Jacqueline Monahan's Movie Reviews
- Category: Jacqueline Monahan
- Published on 12 March 2010
- Written by Jacqueline Monahan
Las Vegas Round The Clock
Jacqueline Monahan is an English tutor for the GEAR UP program at UNLV.
She is also a consultant for Columbia College Chicago in Adjunct Faculty Affairs
The first five minutes are compelling. The last five minutes make a visceral impact on the senses. Unfortunately, the one hundred minutes in between leave the viewing audience confused as to why they should care.
Tyler Hawkins (Robert Pattinson) and his girlfriend Ally (Emilie de Ravin) have each lost a loved one traumatically in the past. The two 21-year-olds develop a romance despite obnoxious roommate Aidan (Tate Ellington) and other ongoing problems.
Her father, Neil (Chris Cooper) is a cop and a bit overprotective. His father, Charles (Pierce Brosnan) is a powerful corporate executive who seemingly dislikes his 11-year-old daughter, Caroline, (Ruby Jerins). Tyler hates his father so passionately it’s as difficult to understand as Brosnan’s attempt at a New York accent.
The two meet in a set-up. Tyler and Aidan know Ally’s the daughter of the cop who arrested them (and roughed them up) after a night out that turned into a skirmish. What starts as a prank meet-cute turns into young love, complete with sunlight streaming across bare shoulders in the morning. To be fair, there’s also a puke scene, a few fistfights, and a violent mugging. Hey, it’s New York, after all.
Tyler dotes on his little sister, who is artistic and considered somewhat of an oddball among her classmates. Although his father’s extremely wealthy, Tyler himself chooses to live in a pigpen of an apartment with a faulty lock on the door. This explains an unexpected altercation late in the film. You’ll rarely see him without a cigarette dangling between his lips.
The plot meanders like a slow moving river, stopping here and there but never long enough to leave an impression. One character that we see murdered in the first scene is barely mentioned afterward. Another who committed suicide is never seen but obsessed over – the very reason that Tyler walks around like an open wound most of the time. Yet we know nothing about him – just that his death devastated the family. Tyler’s mother Diane (Lena Olin) has little to do but look sad most of the time.
Of course since Tyler gets the girl, he must lose the girl, and then get her back again. It’s the law – at least in movie land.
And then the film reaches a solemn climax that would have made a perfect way to tie everything together if the pieces weren’t so hopelessly scattered about like a neglected jigsaw puzzle.
I’m not giving away key pieces of information that you’ll find in other reviews. There’s something to be said for discovery, especially when it’s unexpected. The elements of surprise are the only things this film has going for it and they are few, but if you choose to sit through the one hundred thirteen minutes, you should get at least ten minutes of them.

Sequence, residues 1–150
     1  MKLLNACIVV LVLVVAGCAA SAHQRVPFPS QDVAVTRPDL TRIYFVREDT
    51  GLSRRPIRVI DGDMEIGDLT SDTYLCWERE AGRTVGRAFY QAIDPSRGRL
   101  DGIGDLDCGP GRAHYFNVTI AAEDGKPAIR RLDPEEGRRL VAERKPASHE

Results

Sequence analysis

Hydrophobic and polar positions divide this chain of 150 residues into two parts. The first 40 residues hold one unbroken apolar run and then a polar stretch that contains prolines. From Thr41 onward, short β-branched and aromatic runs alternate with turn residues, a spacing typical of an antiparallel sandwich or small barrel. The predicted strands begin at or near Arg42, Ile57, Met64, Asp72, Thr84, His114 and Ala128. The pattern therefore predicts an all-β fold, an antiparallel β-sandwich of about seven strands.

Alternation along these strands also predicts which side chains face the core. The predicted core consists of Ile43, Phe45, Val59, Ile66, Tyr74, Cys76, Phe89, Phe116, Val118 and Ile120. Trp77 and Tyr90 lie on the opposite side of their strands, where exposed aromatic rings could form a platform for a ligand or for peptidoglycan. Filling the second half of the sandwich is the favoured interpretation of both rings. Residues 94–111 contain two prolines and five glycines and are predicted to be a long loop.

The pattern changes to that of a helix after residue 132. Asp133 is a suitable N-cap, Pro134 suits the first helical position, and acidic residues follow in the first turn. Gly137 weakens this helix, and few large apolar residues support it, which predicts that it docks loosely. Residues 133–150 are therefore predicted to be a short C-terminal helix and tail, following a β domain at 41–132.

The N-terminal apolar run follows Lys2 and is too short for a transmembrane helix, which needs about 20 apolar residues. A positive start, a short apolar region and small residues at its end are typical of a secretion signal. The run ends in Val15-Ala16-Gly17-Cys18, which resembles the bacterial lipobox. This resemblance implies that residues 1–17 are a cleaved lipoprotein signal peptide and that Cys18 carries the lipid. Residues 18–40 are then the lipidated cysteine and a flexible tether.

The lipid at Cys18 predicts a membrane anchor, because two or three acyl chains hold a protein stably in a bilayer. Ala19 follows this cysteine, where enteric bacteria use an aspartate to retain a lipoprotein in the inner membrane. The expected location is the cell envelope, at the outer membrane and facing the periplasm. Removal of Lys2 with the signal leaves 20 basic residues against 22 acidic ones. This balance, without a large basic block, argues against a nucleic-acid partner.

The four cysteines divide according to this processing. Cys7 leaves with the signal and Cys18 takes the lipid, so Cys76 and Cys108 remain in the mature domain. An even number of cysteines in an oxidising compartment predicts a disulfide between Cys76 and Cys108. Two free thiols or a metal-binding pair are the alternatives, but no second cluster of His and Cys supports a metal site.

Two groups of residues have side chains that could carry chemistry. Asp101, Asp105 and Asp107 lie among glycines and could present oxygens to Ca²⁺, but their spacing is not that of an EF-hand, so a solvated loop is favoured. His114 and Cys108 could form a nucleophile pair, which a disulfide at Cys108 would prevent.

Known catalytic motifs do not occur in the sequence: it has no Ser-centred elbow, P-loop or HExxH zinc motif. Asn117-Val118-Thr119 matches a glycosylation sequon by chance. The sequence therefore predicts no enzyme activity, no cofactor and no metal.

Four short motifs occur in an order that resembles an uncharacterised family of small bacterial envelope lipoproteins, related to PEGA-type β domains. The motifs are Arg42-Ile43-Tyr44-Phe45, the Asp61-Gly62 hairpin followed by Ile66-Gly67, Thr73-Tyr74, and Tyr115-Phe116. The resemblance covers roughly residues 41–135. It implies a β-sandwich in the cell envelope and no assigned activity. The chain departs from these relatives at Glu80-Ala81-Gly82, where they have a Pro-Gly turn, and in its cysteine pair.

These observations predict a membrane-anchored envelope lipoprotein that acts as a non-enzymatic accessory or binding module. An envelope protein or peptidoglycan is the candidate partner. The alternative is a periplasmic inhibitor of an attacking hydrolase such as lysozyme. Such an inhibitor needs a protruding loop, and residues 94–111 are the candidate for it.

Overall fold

Robert Pattinson can play American convincingly, and with the angst of a channeled James Dean. Emily De Ravin delivers her lines in a haltingly uncertain manner that is distracting, although it’s meant to be fetching. Tate Ellington needs a dose of Ritalin during the entire first half of the film, but calms down enough toward the end to be somewhat sympathetic – a feat in itself. Chris Cooper’s intensity is intact, although misused in the pinball-like script. Pierce Brosnan is believable as a man with power, when he’s not speaking a string of badly accented words to give himself away. Ruby Jerins’ Caroline is the most endearing character you’ll find here, and her small plotline usually delivers where larger ones flounder. Lena Olin has little to do but is a welcome screen presence nonetheless.
Director Allen Coulter (Hollywoodland) has created a film that pinballs around in emotion, unsure if it wants to be funny, somber, rebellious, angry, tormented or sad. In trying to give equal time to every angst-filled or joyous epiphany, the effect is that of trying to watch a tennis match at 4x speed.
Will Fetters' screenplay tries to cover too much emotional territory succeeding only in a surface skim without any real depth. Character development is lacking and the emotionally draining payoff, if you can call it that, falters as a result.
Is Tyler’s story more important than Caroline’s? Or Ally’s? Or the dead who have shaped the lives of the living to the point of being changed forever? We look for answers but don’t find them.
Remember that if you remember anything about this film (other than the beginning and end).
The rest is, sadly, forgettable.